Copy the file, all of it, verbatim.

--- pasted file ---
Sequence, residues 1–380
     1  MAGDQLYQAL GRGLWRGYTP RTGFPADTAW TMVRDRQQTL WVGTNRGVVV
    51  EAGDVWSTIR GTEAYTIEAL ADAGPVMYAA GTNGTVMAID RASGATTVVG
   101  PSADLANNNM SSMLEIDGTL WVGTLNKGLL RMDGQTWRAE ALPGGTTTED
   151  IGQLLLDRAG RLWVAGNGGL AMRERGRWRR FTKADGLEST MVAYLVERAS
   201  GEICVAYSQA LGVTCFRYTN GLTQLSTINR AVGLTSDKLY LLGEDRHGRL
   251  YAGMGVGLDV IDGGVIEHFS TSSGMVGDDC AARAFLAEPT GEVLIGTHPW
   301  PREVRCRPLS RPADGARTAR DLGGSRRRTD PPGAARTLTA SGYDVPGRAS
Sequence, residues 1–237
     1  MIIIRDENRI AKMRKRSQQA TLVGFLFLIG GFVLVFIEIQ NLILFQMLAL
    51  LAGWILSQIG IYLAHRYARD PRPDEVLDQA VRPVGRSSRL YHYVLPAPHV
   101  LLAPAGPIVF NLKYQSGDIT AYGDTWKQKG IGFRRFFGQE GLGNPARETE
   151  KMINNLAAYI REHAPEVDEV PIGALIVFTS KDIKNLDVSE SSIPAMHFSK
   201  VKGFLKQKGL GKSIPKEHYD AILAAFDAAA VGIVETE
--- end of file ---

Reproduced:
Sequence, residues 1–380
     1  MAGDQLYQAL GRGLWRGYTP RTGFPADTAW TMVRDRQQTL WVGTNRGVVV
    51  EAGDVWSTIR GTEAYTIEAL ADAGPVMYAA GTNGTVMAID RASGATTVVG
   101  PSADLANNNM SSMLEIDGTL WVGTLNKGLL RMDGQTWRAE ALPGGTTTED
   151  IGQLLLDRAG RLWVAGNGGL AMRERGRWRR FTKADGLEST MVAYLVERAS
   201  GEICVAYSQA LGVTCFRYTN GLTQLSTINR AVGLTSDKLY LLGEDRHGRL
   251  YAGMGVGLDV IDGGVIEHFS TSSGMVGDDC AARAFLAEPT GEVLIGTHPW
   301  PREVRCRPLS RPADGARTAR DLGGSRRRTD PPGAARTLTA SGYDVPGRAS
Sequence, residues 1–237
     1  MIIIRDENRI AKMRKRSQQA TLVGFLFLIG GFVLVFIEIQ NLILFQMLAL
    51  LAGWILSQIG IYLAHRYARD PRPDEVLDQA VRPVGRSSRL YHYVLPAPHV
   101  LLAPAGPIVF NLKYQSGDIT AYGDTWKQKG IGFRRFFGQE GLGNPARETE
   151  KMINNLAAYI REHAPEVDEV PIGALIVFTS KDIKNLDVSE SSIPAMHFSK
   201  VKGFLKQKGL GKSIPKEHYD AILAAFDAAA VGIVETE